ARAG ATP World Team Championship
Germany, Sweden To Clash In Red Group Decider
by ATP Staff|
RED GROUP: GERMANY 3-0 FRANCE
Germany completed a 3-0 rout of France in its second tie at the ARAG ATP World Team Championship on Wednesday. The host nation will next meet Sweden, the defending champions, in the Red Group decider.
Philipp Kohlschreiber recorded a 6-7(2), 6-3, 6-3 victory over World No. 9 Jo-Wilfried Tsonga of France in three hours and 32 minutes. The 25-year-old Kohlschreiber withstood six aces from Tsonga’s racquet and broke serve five times from 11 opportunities.
The No. 2-ranked German, behind World No. 29 Rainer Schuettler, improved to 17-9 on the 2009 ATP World Tour season. On Monday, Kohlschreiber beat American Robby Ginepri 6-7(5), 7-6(4), 6-0 in Germany’s first tie at the eight-nation round-robin clay-court tournament.
"We are on a good path. We all want to make it to the finals here," said Kohlschreiber. "I am glad that I was able to turn things round in two matches. That makes me stronger. It gives me confidence. That is the most important that a tennis player can take with him. You always have highs and lows, but if you have self-confidence things work out. You believe that you can make it."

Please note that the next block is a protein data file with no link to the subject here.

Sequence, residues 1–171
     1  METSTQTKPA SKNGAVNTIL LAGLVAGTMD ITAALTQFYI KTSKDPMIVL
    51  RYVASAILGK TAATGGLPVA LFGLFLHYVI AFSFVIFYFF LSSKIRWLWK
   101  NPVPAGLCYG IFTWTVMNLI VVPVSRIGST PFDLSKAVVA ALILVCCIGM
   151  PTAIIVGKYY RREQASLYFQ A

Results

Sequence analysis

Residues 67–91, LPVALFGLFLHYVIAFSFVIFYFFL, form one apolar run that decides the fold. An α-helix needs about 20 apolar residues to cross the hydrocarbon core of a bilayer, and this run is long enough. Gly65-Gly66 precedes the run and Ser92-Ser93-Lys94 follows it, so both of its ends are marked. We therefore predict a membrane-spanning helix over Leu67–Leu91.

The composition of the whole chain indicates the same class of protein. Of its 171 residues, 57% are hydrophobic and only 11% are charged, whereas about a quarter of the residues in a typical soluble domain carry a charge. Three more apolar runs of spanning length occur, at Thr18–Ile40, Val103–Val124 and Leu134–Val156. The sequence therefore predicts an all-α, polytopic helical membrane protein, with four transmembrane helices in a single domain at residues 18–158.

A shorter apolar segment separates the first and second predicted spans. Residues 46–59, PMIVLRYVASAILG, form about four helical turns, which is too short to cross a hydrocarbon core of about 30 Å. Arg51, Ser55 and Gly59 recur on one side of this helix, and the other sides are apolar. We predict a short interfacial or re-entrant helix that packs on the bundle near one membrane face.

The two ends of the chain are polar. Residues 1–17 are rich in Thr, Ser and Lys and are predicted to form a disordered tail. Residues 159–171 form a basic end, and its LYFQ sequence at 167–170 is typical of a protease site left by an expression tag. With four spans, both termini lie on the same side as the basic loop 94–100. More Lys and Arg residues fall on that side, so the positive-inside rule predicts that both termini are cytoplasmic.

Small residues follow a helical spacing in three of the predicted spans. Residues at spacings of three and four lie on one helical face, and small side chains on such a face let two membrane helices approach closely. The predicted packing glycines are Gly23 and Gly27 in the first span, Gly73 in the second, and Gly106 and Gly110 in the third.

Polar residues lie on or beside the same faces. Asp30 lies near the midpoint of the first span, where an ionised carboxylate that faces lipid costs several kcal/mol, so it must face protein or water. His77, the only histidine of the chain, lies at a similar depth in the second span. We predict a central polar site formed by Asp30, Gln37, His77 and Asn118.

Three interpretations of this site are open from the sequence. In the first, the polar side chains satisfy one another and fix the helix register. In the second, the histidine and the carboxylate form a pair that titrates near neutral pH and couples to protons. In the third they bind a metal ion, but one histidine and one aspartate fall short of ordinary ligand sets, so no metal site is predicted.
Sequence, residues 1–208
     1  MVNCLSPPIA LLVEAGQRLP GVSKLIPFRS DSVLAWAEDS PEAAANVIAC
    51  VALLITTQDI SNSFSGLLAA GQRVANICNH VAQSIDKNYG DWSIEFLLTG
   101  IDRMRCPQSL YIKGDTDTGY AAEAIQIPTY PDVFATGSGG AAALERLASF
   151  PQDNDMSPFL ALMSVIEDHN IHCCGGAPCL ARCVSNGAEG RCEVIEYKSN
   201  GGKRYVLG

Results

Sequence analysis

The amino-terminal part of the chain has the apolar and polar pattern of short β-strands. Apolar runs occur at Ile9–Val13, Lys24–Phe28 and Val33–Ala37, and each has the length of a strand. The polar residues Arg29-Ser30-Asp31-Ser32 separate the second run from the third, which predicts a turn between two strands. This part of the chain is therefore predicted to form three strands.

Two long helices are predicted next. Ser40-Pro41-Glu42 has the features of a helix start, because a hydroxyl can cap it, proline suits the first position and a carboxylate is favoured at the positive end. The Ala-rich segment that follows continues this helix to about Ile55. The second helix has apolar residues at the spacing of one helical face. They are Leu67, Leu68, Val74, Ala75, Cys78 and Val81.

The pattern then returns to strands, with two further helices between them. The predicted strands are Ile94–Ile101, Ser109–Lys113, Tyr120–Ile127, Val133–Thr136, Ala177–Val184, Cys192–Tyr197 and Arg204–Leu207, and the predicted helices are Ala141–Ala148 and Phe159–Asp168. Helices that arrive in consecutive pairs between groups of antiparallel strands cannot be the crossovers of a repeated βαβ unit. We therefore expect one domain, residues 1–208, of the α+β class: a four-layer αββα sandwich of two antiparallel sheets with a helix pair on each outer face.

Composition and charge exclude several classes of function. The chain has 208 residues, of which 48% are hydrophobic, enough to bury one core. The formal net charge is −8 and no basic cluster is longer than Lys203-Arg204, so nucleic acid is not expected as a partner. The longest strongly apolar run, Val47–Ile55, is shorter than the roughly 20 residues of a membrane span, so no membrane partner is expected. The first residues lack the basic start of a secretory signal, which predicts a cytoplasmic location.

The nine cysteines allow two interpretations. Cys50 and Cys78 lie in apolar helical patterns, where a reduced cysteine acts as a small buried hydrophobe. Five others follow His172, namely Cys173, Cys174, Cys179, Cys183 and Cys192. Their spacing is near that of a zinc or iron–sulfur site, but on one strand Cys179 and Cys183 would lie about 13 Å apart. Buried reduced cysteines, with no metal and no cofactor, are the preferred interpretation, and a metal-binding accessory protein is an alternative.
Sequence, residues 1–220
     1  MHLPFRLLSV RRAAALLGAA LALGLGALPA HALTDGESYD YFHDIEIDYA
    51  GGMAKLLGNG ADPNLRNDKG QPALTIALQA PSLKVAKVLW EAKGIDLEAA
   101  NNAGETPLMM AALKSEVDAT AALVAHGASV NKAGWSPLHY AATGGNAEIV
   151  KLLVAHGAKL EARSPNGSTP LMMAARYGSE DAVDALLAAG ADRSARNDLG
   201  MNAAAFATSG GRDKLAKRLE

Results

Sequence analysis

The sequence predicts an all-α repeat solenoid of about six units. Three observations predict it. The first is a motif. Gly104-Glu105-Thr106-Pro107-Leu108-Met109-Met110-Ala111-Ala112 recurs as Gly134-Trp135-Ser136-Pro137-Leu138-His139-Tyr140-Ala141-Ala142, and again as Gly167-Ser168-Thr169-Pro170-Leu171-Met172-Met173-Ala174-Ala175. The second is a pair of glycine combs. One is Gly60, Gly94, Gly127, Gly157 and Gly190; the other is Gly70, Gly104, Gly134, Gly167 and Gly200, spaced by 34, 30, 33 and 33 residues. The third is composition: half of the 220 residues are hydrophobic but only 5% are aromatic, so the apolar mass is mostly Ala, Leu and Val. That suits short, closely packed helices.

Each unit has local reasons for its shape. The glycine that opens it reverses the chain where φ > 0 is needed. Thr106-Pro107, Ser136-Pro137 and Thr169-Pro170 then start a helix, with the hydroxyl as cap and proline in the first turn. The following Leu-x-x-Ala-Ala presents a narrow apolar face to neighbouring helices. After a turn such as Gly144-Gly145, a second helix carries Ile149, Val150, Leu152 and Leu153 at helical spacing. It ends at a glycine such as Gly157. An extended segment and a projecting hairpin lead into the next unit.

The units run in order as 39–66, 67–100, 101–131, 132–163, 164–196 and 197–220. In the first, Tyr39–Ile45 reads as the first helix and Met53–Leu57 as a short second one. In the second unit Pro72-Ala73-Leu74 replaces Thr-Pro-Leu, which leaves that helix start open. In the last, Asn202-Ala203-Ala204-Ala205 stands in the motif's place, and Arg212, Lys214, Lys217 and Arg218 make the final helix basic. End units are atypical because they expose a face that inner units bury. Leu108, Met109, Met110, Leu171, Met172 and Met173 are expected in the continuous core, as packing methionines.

Gonzalez, 25, was a late replacement in the rubber for Juan Monaco, who withdrew with a left wrist injury. Gonzalez lost to Monaco in his only ATP World Tour quarter-final of the year at Buenos Aires in February. Bolelli dropped to 9-13 on the 2009 ATP World Tour season and is 1-1 in singles this week, after beating 18-year-old Russian Stanislav Vovk 7-6(1), 6-2 on Sunday.
RED GROUP: SWEDEN 2-1 UNITED STATES
Mardy Fish and Sam Querrey earned United States its first point against Sweden with a 2-6, 6-2, 10-3 victory in the doubles rubber over Robert Lindstedt and Robin Soderling in 59 minutes.
BLUE GROUP: SERBIA 3-0 RUSSIA
Nenad Zimonjic and Viktor Troicki stormed past Evgeny Korolev and Stanislav Vovk of Russia 6-1, 6-1 in just 42 minutes to complete a 3-0 win for Serbia. Zimonjic and Troicki converted five of seven break point opportunities in the Blue Group tie.